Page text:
Take a walk on Pine Knoll Shores' wild side with a visit to the pristine, undeveloped Theodore Roosevelt Natural Area, an expansive 265 acre nature preserve, conveniently located next to the town's most visited attraction, the North Carolina Aquarium.
Aquarium and reserve visitors will find the entrance subtly marked at the west end of the main aquarium parking lot. With two distinct trails that wind through this expansive parcel of land, Crystal Coast vacationers can choose their own adventure, and tackle a hardy, 1 mile hike, or a gentler short trail that loops through the marsh. The preserve, or Natural Area, is generally free to all Pine Knoll Shores visitors, and with small benches and wildlife viewing areas tucked discreetly in patches of marshy or wooded terrain, is a peaceful, relaxing way to enjoy the natural scenery of Pine Knoll Shores off the beach.
The Roosevelt Nature Trail is the longer and more rigorous of the two walking trails, and is essentially a mile long loop that scales up a high dune ridge, and passes a number of soundside and interior marshes. Benches are stationed along the route for a rest, or a quiet area to view the hundreds of migrating birds that can be found year round in the area. There is no fee to access this trail, and the trail even connects with a neighboring and more extensive Volkswalk trail, a longer trail maintained by the American Volkssport Association, a national walking organization.
The Alice Hoffman Nature Trail is a shorter expedition, and is an appropriate trail for hikers of all skill levels and ages. Leading out to a viewing blind at East Pond and crossing over a marsh boardwalk, the trail is a scenic and manageable loop through the marshy ecosystems of Pine Knoll Shores. This trail is open to all NC Aquarium visitors. The trail itself is named after the late Alice G. Hoffman, a descendent of a wealthy New York family that purchased 8.5 miles of the island in 1917. Falling in love with the coastal region, Alice eventually abandoned her New York and Paris residences and lived, full time, on the Bogue Banks in 1938.
While Alice lived in quiet Pine Knoll Shores, she developed a friendship with her niece, Eleanor Alexander, who would eventually marry Theodore Roosevelt Jr., President Roosevelt's eldest son. Alice Hoffman, who had no children, ended up leaving her estate to Eleanor, and in 1971, the Roosevelts donated 298 acres of this estate to the state of North Carolina, which used the funds to build both the aquarium and the expansive natural area.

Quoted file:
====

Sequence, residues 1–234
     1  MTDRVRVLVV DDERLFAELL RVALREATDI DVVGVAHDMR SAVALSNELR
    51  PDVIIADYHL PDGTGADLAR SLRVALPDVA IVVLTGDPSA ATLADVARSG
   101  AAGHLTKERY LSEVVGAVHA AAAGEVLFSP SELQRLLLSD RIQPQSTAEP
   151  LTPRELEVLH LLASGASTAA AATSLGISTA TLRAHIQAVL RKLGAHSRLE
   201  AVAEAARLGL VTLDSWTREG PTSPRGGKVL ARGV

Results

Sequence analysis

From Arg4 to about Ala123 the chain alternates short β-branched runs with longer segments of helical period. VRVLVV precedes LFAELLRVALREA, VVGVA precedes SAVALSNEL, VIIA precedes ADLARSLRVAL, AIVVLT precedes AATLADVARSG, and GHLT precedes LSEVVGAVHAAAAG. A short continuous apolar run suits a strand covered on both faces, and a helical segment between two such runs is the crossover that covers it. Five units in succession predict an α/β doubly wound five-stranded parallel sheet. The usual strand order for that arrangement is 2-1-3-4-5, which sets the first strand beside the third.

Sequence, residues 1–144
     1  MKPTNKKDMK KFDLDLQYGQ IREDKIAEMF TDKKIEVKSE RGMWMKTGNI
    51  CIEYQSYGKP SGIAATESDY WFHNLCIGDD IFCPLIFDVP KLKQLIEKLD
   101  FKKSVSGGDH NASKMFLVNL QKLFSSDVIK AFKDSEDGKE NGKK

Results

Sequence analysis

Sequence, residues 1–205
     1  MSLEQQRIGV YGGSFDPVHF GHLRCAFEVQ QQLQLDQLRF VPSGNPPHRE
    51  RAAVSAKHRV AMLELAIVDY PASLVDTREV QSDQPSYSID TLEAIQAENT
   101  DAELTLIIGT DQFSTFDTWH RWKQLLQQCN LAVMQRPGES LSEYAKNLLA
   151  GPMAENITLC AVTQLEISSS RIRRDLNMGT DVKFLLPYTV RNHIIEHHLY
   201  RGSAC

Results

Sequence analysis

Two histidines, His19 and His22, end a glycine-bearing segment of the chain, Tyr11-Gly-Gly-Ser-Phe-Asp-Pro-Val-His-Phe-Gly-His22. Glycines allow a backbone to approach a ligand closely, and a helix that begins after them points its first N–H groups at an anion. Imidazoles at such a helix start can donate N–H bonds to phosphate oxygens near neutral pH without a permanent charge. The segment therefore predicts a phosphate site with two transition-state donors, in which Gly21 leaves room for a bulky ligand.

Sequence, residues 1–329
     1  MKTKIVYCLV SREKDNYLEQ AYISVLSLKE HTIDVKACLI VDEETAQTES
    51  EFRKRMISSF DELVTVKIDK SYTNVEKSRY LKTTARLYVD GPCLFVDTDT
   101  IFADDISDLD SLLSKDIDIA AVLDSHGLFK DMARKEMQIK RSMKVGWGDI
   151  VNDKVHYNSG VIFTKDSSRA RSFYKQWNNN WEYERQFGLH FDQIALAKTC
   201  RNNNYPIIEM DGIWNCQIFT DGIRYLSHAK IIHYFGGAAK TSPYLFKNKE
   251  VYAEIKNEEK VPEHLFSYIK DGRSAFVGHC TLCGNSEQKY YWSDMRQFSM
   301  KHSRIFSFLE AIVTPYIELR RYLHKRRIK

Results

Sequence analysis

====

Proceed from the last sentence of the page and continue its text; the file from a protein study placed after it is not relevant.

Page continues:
Today, visitors can admire countless local species in their natural habitat at the preserve, including river otters, marsh rabbits, raccoons, gray foxes, squirrels, and amphibian and reptile residents, such as salamanders, frogs, anoles, snakes, and turtles.
The region is best known among bird lovers, however, and countless water birds call these isolated marshes home. Egrets, ibises, kingfishers, ospreys and herons can often be spotted feeding in the marsh, while the maritime forest provides a year-round habitat for kinglets, nuthatches, flycatchers, vireos, warblers and chickadees. Creating a natural chorus that can be heard throughout both nature trails, bird enthusiasts will definitely want to bring along a camera to capture incredible shots of these species, perfectly at home in the barrier island environment.
As for plant life, horticulturists will discover a vast array of both inland and barrier island plant life, including dogwood, hollies, loblolly pines, red bays, sweet gum, yaupons and wax myrtles, and the most impressive local mainstays, towering live oaks that have been standing strong for hundreds of years.
Visitors are advised to tackle the trail early, as public access to the Theodore Roosevelt Natural Area closes daily at 4:30 p.m., and wear plenty of sunscreen and bug spray, especially in the summer months. Restrooms and water fountains are located nearby at the aquarium, but not along the rustic trails, so visitors should bring along their own water bottles and snacks. Visitors should also be sure to stay along the main footpath, to minimize possible encounters with snakes or poison ivy, two of the trails less desirable residents.
A remarkable natural attraction, especially considering that the area is bordered by collections of vacation rental homes and developments just a few blocks away, a visit to the Theodore Roosevelt Natural Area is a great way for vacationers to explore the natural landscape of Pine Knoll Shores. Open to the public, with acres of terrain to explore, this natural attraction is one of Pine Knoll Shores' hidden gems, and a great way for newcomers to get their feet wet in the undeveloped local landscape.
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